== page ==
Moving around the country has lessened some of the impact of aging, since I haven’t had to watch us grow older together. My high school classmates, for instance, will always never be more than 18 in my mind. Ditto for others left behind, they’re all frozen in time, even the few who are still in correspondence.

So another part is hearing that more of these colleagues of my generation are passing – a situation akin to personally knowing more people who have had been diagnosed with Covid and the recognition that it’s not just multiplying “out there” somewhere – that is, knowing only the abstract – but close at hand.

I recently posted two memorial minutes of Friends I worked with clerking Dover Meeting and have been reflecting on others in my Quaker circles.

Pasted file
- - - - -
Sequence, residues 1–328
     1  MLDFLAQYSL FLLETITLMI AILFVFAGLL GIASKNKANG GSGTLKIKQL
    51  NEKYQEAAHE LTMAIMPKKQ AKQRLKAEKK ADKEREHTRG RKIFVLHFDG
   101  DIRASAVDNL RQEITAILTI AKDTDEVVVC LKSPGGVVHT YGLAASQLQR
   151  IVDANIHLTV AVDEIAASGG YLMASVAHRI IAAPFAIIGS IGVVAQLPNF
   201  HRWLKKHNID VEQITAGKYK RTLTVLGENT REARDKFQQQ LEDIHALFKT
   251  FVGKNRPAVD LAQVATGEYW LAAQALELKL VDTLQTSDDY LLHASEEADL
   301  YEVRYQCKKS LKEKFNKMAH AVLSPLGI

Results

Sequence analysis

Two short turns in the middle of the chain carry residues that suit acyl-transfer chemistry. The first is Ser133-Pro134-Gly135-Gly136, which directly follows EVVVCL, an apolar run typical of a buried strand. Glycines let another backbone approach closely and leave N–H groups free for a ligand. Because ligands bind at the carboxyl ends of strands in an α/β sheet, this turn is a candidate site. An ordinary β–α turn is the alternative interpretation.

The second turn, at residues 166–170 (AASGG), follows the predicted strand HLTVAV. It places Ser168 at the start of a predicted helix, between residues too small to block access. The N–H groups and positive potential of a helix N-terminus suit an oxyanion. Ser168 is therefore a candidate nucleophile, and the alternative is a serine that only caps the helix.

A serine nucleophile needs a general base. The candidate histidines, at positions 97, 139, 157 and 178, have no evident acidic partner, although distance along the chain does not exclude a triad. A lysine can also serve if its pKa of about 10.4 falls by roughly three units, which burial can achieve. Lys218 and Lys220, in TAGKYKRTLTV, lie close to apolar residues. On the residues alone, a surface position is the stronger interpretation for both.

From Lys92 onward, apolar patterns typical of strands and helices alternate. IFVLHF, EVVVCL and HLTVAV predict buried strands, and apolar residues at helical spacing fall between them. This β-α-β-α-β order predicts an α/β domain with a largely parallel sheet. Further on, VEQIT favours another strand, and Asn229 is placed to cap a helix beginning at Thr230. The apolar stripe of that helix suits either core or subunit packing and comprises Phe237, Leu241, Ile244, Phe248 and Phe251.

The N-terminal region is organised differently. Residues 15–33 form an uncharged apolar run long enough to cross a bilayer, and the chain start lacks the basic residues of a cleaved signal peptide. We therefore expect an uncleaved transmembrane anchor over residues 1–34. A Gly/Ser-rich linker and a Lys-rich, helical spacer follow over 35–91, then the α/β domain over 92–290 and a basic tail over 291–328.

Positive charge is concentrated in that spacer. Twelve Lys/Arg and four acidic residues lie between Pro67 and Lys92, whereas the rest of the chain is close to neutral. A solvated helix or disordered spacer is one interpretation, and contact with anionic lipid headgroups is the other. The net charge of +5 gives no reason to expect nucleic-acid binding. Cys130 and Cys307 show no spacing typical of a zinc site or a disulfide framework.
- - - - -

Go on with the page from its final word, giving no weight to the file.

Now I get word of the passing of an esteemed reporter who was six years younger than me, and somehow it hits more than those from the workplace who died earlier. To my surprise, it has nothing to do with how close we were in our daily interactions. (He and I weren’t, apart from a comment or two in passing. I should note that he produced “clean copy,” requiring little editing, and that meant little interpersonal friction.)

In his case, I think the blow comes as a sense of an end of an era. He carried institutional weight in covering the New Hampshire’s political scene and soared nationally during the first-in-the-nation presidential primary. With the decline of newspapers in general, his replacement at the statewide Union Leader will never achieve such prominence or influence.

What a joy to be finally rehearsing together in person